As the current administration’s crackdown on leaks continues to intensify, journalists are often under fire for using unnamed sources—the president has been vocal in his frustrations to this extent—and it is becoming increasingly risky to both disclose and publish classified information. Since President Donald Trump took office, two whistleblowers—former NSA contractor Reality Winner and FBI agent Terry Albury—have already pleaded guilty to violating the Espionage Act, legislation adopted during World War I to prosecute individuals who shared government secrets with enemies of the United States. In August 2017 Attorney General Jeff Sessions vowed in a briefing to take a stand against anyone who leaks classified government information, and suggested the Justice Department may pursue legal action against media outlets and journalists who publish such information. In the months leading up to that briefing, the Justice Department tripled the number of leak investigations it was pursuing.
That the Justice Department would consider prosecuting journalists and news outlets for merely publishing classified information rang alarms in the media community. While prosecuting whistleblowers became all too common under President Barack Obama—whose administration prosecuted more whistleblowers than any previous administration combined—the former conceded that attempts to pursue legal action against publishers would be detrimental to press freedom.
“Under an administration that has been openly hostile to journalists and media outlets, and given indications that the Justice Department may consider media subpoenas in leak investigations, RSF is worried that journalists and media outlets won’t be spared as these investigations will most likely continue to intensify," said Margaux Ewen, Director of RSF’s North America bureau. “Without whistleblowers, journalists would be unable to report on issues of immense public interest. In many ways, whistleblowing is the lifeblood of investigative journalism and of the free press our democracy relies on.”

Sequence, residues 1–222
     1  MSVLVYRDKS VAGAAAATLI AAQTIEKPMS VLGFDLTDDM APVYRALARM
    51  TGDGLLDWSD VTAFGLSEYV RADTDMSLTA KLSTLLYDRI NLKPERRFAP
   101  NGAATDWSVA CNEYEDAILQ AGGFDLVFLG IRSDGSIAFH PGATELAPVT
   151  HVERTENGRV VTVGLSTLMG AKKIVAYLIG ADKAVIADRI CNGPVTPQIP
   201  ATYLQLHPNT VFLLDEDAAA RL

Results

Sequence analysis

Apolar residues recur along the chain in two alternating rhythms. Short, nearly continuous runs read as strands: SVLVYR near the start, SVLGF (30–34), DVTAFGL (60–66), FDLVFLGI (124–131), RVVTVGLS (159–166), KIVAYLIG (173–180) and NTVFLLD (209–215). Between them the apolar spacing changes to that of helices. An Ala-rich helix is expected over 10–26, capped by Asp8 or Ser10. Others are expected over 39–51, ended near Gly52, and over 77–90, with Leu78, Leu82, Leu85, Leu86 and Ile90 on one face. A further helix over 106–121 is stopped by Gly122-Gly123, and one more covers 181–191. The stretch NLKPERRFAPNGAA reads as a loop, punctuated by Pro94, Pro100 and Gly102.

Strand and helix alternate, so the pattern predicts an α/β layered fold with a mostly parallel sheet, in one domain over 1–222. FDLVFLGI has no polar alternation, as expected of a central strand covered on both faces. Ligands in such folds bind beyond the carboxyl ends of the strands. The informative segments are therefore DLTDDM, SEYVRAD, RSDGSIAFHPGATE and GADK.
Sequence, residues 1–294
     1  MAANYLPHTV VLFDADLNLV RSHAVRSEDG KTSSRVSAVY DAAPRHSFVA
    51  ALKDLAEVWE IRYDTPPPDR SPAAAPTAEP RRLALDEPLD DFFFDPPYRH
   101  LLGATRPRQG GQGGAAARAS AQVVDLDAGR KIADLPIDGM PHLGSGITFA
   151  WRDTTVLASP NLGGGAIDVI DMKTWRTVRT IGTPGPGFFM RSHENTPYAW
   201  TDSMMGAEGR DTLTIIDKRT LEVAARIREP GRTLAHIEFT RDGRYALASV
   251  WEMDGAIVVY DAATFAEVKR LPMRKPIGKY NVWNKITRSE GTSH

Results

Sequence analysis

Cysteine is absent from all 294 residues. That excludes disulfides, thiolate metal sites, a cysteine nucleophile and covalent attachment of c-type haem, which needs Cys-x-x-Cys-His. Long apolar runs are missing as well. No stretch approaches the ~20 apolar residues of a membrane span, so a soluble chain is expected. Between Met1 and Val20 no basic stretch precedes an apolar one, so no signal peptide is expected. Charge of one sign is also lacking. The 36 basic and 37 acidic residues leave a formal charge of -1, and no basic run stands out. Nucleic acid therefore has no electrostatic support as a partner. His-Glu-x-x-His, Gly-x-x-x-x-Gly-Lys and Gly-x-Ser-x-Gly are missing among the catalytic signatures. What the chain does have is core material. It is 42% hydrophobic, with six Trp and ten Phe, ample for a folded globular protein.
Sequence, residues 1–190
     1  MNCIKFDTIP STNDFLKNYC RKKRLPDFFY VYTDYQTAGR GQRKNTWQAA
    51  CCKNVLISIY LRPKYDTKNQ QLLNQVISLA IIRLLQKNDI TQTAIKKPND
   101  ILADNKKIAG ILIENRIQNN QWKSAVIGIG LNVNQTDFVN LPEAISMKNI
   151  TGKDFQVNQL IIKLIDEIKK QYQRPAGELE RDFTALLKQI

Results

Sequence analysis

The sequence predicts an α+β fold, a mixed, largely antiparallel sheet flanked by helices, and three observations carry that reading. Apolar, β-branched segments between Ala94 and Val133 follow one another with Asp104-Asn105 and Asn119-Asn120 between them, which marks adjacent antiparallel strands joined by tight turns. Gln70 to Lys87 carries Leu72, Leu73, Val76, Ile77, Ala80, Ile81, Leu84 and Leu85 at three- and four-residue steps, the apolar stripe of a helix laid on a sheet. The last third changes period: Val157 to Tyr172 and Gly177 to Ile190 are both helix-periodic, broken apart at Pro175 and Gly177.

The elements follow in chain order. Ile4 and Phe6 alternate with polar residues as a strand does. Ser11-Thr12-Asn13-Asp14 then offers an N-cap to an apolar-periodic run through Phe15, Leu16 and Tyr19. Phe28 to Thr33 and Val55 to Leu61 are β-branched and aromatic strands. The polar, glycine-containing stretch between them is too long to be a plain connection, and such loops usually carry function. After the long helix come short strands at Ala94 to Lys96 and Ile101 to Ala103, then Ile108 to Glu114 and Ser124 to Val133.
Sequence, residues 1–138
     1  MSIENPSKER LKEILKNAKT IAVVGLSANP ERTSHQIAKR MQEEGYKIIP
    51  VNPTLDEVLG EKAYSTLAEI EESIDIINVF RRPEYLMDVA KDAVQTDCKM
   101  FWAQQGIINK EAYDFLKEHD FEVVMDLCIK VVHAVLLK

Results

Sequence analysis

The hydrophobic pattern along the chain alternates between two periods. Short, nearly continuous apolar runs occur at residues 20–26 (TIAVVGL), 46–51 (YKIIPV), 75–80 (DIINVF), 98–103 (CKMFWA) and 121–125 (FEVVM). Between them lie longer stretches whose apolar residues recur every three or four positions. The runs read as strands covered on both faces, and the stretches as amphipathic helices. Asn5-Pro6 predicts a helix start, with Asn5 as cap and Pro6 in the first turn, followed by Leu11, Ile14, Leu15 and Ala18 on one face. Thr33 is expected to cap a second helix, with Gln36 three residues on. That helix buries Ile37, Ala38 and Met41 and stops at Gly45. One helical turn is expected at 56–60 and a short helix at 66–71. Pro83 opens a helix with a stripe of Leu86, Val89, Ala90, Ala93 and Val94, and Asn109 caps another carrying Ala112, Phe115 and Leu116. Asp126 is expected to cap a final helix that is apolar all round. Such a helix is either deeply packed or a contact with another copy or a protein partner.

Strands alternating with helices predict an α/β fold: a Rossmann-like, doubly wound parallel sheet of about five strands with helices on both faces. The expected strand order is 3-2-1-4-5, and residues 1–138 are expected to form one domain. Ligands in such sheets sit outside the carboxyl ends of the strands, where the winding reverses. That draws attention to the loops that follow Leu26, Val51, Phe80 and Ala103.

These concerns became all the more relevant in June when the Justice Department secretly seized New York Times reporter Ali Watkins’ phone and email records in connection with an investigation into classified information leaks at the United States Senate. This is the first known case of a reporter’s records being seized under the Trump administration, though it was a tactic employed by former President Barack Obama as well.
The United States ranks 45th out of 180 countries in RSF's 2018 World Press Freedom Index.
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